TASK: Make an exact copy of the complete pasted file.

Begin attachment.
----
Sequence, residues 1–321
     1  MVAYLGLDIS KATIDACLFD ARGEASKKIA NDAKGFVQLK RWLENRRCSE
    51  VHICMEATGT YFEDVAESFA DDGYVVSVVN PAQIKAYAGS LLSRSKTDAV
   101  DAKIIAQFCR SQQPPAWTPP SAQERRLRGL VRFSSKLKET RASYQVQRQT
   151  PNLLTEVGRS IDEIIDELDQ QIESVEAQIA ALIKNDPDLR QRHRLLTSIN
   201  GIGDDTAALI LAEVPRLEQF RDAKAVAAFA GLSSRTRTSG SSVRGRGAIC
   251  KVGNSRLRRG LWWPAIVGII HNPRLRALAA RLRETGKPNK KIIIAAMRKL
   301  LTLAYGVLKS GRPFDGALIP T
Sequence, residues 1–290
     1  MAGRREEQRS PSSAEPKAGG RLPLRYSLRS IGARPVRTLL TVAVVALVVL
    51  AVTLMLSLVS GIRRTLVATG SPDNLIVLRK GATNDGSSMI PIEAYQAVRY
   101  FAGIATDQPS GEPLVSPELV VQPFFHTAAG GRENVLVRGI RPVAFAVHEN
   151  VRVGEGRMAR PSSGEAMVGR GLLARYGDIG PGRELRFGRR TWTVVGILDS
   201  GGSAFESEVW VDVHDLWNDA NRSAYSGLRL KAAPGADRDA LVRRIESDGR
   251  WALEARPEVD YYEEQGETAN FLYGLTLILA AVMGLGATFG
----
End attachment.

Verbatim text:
Sequence, residues 1–321
     1  MVAYLGLDIS KATIDACLFD ARGEASKKIA NDAKGFVQLK RWLENRRCSE
    51  VHICMEATGT YFEDVAESFA DDGYVVSVVN PAQIKAYAGS LLSRSKTDAV
   101  DAKIIAQFCR SQQPPAWTPP SAQERRLRGL VRFSSKLKET RASYQVQRQT
   151  PNLLTEVGRS IDEIIDELDQ QIESVEAQIA ALIKNDPDLR QRHRLLTSIN
   201  GIGDDTAALI LAEVPRLEQF RDAKAVAAFA GLSSRTRTSG SSVRGRGAIC
   251  KVGNSRLRRG LWWPAIVGII HNPRLRALAA RLRETGKPNK KIIIAAMRKL
   301  LTLAYGVLKS GRPFDGALIP T
Sequence, residues 1–290
     1  MAGRREEQRS PSSAEPKAGG RLPLRYSLRS IGARPVRTLL TVAVVALVVL
    51  AVTLMLSLVS GIRRTLVATG SPDNLIVLRK GATNDGSSMI PIEAYQAVRY
   101  FAGIATDQPS GEPLVSPELV VQPFFHTAAG GRENVLVRGI RPVAFAVHEN
   151  VRVGEGRMAR PSSGEAMVGR GLLARYGDIG PGRELRFGRR TWTVVGILDS
   201  GGSAFESEVW VDVHDLWNDA NRSAYSGLRL KAAPGADRDA LVRRIESDGR
   251  WALEARPEVD YYEEQGETAN FLYGLTLILA AVMGLGATFG